So if we’re analyzing famous sequels, I think the pattern is for less.

Give me action. Give me the bare bones of what I need to know if I’m picking up your sophomore book as my first. But you don’t need to waste a lot of space on detailed background. It’s unnecessary and it leaves more room for fresh, engaging content.


Got writing questions for Capo? Email Confessions of a Dirty Blonde goes out every Thursday.

Pictures of Success in 1,000 Words or Less

What we have here is a new monthly column brought to you by . . . YOU.

We’re giving up control of what’s said and handing it over to the people who matter most: our clients. Your words in this space, once a month.


Oodles of ah-ha moments.

Some of the writers who will appear here didn’t have a clue where to start and subsequently transformed into writing machines. Some started right where you sit today, confused and needing guidance or maybe a little inspiration. And some were seasoned authors who needed a boost.

ALL of them figured it out and wrote epic shit.

This week, meet Brooke.


I’m laying by the pool, shaded by a Florida palm tree. I have The Bell Jar in one hand and my iPhone in the other (I’m a writer—I can multitask like nobody else), when I’m asked what has my editor, Becky, taught me?

I haven’t written anything for two months. Sure, I’ve written for a banking association and a few small businesses in St. Louis, but I haven’t worked on any of my own projects. Like my memoir.

I say writing gives me nightmares (PTSD is the pits). I say I can’t be too controversial because I’m only 19. (Employers and graduate schools check everything.) I say I’m busy, working 40+ hours to meet my diva-like needs leaves little free time.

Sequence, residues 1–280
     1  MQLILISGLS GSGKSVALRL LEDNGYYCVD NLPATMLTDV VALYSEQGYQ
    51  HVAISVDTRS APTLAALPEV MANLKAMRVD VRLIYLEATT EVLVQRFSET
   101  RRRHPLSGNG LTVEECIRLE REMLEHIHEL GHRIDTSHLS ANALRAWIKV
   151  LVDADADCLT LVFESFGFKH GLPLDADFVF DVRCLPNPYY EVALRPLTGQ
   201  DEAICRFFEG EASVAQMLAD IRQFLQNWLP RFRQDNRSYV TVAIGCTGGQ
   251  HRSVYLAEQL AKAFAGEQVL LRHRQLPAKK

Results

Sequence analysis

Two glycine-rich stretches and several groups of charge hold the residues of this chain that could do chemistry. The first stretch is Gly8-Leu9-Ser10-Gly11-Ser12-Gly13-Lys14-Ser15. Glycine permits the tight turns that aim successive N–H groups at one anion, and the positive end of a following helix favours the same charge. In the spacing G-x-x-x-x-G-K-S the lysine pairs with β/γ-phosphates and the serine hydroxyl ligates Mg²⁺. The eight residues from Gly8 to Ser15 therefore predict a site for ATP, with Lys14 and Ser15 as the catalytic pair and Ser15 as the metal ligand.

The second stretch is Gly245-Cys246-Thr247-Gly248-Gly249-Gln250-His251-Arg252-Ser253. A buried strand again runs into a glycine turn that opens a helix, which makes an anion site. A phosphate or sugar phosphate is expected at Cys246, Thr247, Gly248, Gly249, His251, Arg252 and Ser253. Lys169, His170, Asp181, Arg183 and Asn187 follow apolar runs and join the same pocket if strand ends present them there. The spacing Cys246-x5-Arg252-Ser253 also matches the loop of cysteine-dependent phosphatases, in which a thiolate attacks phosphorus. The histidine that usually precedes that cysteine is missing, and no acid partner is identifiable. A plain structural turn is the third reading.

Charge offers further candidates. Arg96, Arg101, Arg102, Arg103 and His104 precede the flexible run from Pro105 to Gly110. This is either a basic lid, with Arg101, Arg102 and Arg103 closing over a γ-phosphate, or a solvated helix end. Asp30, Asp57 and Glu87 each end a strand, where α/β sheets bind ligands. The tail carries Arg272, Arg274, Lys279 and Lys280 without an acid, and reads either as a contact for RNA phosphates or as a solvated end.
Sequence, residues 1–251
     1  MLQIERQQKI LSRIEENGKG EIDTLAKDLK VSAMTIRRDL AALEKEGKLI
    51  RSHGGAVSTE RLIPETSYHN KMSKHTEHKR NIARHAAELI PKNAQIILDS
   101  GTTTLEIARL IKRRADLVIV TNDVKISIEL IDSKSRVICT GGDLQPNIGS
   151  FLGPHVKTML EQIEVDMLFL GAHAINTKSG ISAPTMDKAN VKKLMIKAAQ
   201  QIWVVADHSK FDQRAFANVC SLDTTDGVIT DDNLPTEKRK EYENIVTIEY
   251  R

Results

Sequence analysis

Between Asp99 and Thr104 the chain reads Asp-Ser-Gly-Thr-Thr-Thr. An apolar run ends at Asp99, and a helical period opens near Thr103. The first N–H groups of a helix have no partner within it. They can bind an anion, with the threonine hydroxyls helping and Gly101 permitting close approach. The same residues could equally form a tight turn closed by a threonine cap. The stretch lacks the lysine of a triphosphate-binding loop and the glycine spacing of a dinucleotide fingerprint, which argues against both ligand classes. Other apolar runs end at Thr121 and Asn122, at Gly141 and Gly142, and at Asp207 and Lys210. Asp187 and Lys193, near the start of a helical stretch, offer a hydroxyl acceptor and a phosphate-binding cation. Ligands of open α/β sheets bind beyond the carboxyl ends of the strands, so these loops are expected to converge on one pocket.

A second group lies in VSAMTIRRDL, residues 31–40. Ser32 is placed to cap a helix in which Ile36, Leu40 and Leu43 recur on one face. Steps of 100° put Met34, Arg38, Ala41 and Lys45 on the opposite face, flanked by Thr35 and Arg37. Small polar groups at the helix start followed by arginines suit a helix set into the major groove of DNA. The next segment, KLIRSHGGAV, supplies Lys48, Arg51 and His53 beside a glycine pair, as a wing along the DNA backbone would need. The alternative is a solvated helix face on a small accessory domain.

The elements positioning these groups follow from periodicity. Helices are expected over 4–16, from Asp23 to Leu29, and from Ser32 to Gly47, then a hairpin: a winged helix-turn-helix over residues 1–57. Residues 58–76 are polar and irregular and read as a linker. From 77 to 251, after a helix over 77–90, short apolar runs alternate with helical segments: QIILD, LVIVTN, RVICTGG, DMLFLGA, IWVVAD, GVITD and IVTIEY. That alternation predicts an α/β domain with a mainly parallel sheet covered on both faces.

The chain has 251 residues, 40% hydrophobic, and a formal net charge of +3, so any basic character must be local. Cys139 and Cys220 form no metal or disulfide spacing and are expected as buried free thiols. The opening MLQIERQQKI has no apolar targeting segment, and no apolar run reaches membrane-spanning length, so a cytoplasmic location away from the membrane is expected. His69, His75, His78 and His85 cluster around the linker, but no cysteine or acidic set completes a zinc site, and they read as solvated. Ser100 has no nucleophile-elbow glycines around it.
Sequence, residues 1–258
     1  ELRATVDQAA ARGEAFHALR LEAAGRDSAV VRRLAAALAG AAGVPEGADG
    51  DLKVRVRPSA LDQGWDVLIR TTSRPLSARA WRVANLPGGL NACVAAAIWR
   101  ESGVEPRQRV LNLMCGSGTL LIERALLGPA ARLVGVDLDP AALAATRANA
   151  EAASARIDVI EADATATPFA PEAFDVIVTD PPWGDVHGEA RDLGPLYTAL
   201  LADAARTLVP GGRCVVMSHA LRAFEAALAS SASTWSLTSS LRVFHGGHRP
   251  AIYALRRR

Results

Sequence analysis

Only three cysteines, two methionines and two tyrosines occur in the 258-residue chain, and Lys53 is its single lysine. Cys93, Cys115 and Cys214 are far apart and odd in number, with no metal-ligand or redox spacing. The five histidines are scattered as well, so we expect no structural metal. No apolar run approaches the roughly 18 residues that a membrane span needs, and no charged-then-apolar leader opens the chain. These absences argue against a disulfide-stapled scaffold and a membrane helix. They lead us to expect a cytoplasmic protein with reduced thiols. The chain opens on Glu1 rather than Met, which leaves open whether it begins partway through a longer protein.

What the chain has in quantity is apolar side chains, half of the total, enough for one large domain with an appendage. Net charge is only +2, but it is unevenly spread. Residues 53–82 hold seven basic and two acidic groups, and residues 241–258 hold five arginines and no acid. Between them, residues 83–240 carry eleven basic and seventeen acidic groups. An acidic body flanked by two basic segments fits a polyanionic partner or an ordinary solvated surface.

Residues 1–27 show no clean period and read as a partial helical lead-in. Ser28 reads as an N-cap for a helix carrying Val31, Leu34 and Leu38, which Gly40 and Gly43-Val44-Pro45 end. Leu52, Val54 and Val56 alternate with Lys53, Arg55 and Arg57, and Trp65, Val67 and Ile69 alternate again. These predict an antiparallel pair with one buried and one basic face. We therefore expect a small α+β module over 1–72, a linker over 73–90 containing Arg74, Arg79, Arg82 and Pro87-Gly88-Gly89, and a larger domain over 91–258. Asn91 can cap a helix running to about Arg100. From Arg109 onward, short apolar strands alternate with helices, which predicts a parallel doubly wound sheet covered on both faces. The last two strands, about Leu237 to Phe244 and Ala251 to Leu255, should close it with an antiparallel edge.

The real story? I’m scared.

But Becky has stuck with me through it all — even when I avoid her emails like studying for the LSAT.

I came to Becky when I was 18. I had just finished my first year of college. I was working through a traumatic childhood (like most people) while getting slammed with the trauma that comes with being a young, single girl in a city. For the record, recovering from being roofied is worse than recovering from a narcissistic mother. Weekly therapy sessions helped me, but writing was my savior.

I came to Becky to strengthen my voice and learn to trust my writing. I sent her a few blurbs and she responded: Write a memoir.

But could I really write a memoir?

How could I keep a relationship with my mom if I take the phrase “airing your dirty laundry” to a new level by publishing family secrets? How could I ever get a job if all of my blunders are posted on the internet because writing helps me process my mistakes?

It’s been eleven months since I asked Becky those questions. And guess what? I have half a memoir written. (I could have it finished, but I’ve had to learn how to manage my PTSD while reliving the hard parts of my life in my writing.)

Becky taught me to take breaks when needed and how to say fuck you to the people who want to silence my voice.

I have a story. It deserves to be heard. And so do you.

Ask Becky.


Come back next month for another addition of “Pictures of Success in 1,000 Words or Less.” Brooke is a freelancer and college student who wanted to start a writing career but wasn’t sure how, until her former high school English teacher (our own Confessions columnist, Lindsay Capobianco) told her about Becky’s work. Since she wasn’t born a Kardashian, she figured she would write her way to stardom. She’s still learning the inner-workings of the writing industry while studying social work and English in St. Louis. You can find Brooke on Twitter @angeldbrooke, or you can drop her a line via email at brookedangel(at)gmail(dot)com.

P.S. The awesome cell phone app, Write Raw is out on Google Play for your Droid or the App Store for iPhone. It’s like having power cards delivered to you every day – FREE. And don’t forget to leave an app review.

P.P.S. The entire app image collection also lives on Pinterest. (We add more as they are released.)